City Council Election Face Off

Black voices candidates’ forum sparks debate

Beverly Corbell | 3/27/2018, 5:05 p.m.
Diverse group of candidates advocate for change on hot topic issues like homelessness, gentrification and racism
Five candidates running for a future open seat on the Portland City Council appear together at a candidates’ forum sponsored by Black Voices United Saturday at Maranatha Church in northeast Portland. Pictured (from left) are Jo Ann Hardesty, Felicia Williams, Andrea Valderrama, Loretta Smith and Stuart Emmons. Photo by Mark Washington Jr.

A diverse group of candidates running for a future open seat on the Portland City Council voiced their concerns during a Black Voices candidates’ forum at Maranatha Church in northeast Portland Saturday, advocating for change on hot topic issues like homelessness, gentrification and racism.

The five candidates, Andrea Valderrama, Loretta Smith, Stuart Emmons, Felicia Williams and Jo Ann Hardesty, answered questions posed by local moderator and civil rights activist C.J. Robbins, including their greatest concerns on and why they were running for the position No. 3 seat which will be left vacant at the end of the year with the political retirement of current City Commissioner Dan Saltzman.

Black Voices United, a start-up community organization structure striving to create new educational and political spaces for the black community, sponsored the forum, which included an earlier session for Multnomah County Commissioner candidates.

Andrea Valderrama, a David Douglas School District school board member and current City Hall staffer, said people may have good ideas for combating homelessness and housing shortages, but the City Council needs to adopt workable funding measures.

“I understand how to address these issues, not just to get good ideas, but have the means to put them into action and what type of budget makes the most sense for what type of action,” Valderrama said. “Those are things I’ve already been working on.”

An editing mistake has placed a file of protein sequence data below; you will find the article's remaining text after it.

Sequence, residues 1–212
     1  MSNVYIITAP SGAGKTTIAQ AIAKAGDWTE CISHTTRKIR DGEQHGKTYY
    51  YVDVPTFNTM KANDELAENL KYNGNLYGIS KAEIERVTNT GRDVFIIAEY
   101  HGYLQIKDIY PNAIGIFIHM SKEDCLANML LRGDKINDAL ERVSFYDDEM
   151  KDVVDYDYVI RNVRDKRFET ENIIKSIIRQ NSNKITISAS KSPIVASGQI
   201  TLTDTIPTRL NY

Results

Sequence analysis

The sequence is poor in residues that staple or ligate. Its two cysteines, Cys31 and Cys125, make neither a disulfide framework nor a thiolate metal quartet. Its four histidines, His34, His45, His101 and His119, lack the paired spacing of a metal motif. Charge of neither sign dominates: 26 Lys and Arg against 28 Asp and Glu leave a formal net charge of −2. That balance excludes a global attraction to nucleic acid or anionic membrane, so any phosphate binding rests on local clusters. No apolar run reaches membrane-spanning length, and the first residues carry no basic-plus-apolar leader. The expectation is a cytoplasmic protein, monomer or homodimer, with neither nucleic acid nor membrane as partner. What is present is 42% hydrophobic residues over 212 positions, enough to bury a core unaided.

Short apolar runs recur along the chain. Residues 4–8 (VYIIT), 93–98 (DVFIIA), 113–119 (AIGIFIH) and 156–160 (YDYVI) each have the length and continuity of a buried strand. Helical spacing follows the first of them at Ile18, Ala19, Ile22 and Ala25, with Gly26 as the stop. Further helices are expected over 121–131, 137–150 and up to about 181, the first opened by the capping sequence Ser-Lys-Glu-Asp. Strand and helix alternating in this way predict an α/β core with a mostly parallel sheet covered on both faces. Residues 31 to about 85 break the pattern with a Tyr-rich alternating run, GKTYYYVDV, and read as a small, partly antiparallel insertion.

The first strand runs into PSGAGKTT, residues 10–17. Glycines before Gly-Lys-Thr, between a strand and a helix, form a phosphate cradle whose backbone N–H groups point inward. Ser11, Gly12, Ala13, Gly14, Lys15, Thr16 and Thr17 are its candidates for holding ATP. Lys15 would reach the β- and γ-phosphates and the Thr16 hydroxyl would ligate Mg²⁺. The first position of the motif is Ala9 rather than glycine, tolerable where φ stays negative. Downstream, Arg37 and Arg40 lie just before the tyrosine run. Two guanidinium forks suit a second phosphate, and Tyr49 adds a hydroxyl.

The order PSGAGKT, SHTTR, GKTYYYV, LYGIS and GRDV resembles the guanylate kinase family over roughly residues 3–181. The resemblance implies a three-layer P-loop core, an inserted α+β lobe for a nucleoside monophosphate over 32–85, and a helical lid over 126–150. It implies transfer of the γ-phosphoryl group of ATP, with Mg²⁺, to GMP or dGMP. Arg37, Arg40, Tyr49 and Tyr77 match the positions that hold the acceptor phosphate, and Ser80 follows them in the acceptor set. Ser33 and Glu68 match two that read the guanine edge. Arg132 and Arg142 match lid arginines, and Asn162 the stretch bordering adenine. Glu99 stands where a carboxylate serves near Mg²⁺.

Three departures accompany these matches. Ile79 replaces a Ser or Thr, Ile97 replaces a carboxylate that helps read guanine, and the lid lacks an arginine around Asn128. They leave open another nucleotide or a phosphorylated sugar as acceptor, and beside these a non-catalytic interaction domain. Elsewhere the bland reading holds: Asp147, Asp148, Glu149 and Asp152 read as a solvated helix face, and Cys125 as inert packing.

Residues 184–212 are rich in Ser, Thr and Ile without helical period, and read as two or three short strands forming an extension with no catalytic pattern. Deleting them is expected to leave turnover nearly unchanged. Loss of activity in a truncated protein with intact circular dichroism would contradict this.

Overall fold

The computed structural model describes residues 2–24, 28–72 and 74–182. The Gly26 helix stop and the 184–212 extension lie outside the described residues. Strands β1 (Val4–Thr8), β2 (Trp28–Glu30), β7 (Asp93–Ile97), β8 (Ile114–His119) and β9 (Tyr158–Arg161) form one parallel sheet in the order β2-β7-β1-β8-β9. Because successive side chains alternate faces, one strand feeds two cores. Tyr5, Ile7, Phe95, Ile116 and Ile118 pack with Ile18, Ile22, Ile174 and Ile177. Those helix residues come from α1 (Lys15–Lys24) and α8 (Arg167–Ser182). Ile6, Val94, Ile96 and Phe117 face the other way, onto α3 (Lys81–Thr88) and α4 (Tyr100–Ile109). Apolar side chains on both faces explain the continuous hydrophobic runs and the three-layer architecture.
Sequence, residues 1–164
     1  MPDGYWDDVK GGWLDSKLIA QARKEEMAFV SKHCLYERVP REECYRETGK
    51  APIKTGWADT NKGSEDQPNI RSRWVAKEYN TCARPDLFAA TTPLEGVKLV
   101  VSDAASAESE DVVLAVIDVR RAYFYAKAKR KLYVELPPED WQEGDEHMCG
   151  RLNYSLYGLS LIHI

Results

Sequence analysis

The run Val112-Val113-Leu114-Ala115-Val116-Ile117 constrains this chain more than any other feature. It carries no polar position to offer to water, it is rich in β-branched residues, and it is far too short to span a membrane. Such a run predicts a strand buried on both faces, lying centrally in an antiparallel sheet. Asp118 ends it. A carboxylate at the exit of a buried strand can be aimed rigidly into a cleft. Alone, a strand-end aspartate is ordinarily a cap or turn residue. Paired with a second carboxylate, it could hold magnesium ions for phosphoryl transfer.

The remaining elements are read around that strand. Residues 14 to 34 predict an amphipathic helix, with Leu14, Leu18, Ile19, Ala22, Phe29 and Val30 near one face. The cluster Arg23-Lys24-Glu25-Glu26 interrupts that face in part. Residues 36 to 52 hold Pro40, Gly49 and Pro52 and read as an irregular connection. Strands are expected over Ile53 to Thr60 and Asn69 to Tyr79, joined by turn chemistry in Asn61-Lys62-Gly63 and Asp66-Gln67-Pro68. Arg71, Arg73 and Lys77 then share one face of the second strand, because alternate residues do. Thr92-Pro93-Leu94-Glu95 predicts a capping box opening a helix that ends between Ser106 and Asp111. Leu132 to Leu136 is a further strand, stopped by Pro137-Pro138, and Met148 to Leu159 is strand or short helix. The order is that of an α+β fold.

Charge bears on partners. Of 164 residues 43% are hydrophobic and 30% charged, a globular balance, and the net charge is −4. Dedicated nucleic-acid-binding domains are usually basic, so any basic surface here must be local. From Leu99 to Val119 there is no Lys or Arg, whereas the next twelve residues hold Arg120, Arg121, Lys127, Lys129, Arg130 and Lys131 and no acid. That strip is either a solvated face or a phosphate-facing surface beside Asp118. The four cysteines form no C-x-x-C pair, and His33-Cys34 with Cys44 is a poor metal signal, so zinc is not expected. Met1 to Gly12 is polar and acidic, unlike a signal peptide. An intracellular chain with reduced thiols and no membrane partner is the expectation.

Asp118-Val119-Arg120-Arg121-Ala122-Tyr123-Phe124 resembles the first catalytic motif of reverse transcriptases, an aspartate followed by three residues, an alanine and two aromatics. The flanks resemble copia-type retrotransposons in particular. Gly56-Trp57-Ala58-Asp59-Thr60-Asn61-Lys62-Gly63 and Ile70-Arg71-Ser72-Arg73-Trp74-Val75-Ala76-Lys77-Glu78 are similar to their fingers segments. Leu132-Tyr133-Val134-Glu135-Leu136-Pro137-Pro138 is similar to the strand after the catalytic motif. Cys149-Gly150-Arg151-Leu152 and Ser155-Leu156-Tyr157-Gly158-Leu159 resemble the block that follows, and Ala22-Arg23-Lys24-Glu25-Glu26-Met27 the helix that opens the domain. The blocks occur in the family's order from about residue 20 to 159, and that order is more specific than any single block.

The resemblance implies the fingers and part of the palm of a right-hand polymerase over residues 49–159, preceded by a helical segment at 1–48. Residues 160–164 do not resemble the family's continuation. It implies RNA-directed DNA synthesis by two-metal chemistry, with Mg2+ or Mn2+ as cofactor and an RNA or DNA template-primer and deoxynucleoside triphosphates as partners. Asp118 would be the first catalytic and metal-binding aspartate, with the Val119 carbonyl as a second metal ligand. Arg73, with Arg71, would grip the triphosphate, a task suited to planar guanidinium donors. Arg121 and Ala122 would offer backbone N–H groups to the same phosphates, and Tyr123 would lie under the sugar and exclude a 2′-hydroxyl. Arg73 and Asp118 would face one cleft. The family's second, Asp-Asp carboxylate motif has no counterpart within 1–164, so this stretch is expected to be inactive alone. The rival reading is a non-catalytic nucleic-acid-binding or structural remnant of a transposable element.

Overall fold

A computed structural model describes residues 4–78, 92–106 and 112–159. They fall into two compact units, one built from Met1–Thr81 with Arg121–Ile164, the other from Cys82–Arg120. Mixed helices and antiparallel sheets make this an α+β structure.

Stuart Emmons, a Portland architect and community activist, said he has been a housing advocate for the last 20 years.

“We need someone with a successful track record delivering housing, and I am that candidate,” Emmons said. “I will bring decades of private sector experience and actually getting projects built, and not just talking about them.”

Loretta Smith, a current member of the Multnomah County Board of Commissioners, who can’t run for re-election to her post because of term limits, has thrown her hat into the City Council race. On creating more affordable housing in the city, Smith said she wants to clean up polluted lots and build homes on them.

“There is no question that housing is probably the most important issue for folks living in Portland and the state of Oregon. But there are opportunities we can take if we just push forward and be very deliberate and intentional about what we’re going to do.

“We have about 989 brownfields in this community, properties that need to be cleaned up,” Smith said. “We can use those to get mixed-use (buildings constructed) so more folks can get affordable housing right here in this inner city area.”

Smith said she also believes the city should consider housing the homeless in the long-empty and never used Wapato Jail in north Portland.

“It doesn’t make sense that we have 88 people who have died in our streets last year when we have a building we spent $100 million for and that we spend $500,000 a year to maintain and has no one is in it,” she said.

Emmons said he agreed with Smith on Wapato, and doesn’t think the city is doing nearly enough to ease the housing pressures. He released his own comprehensive housing plan last week, called the Portland Home Project.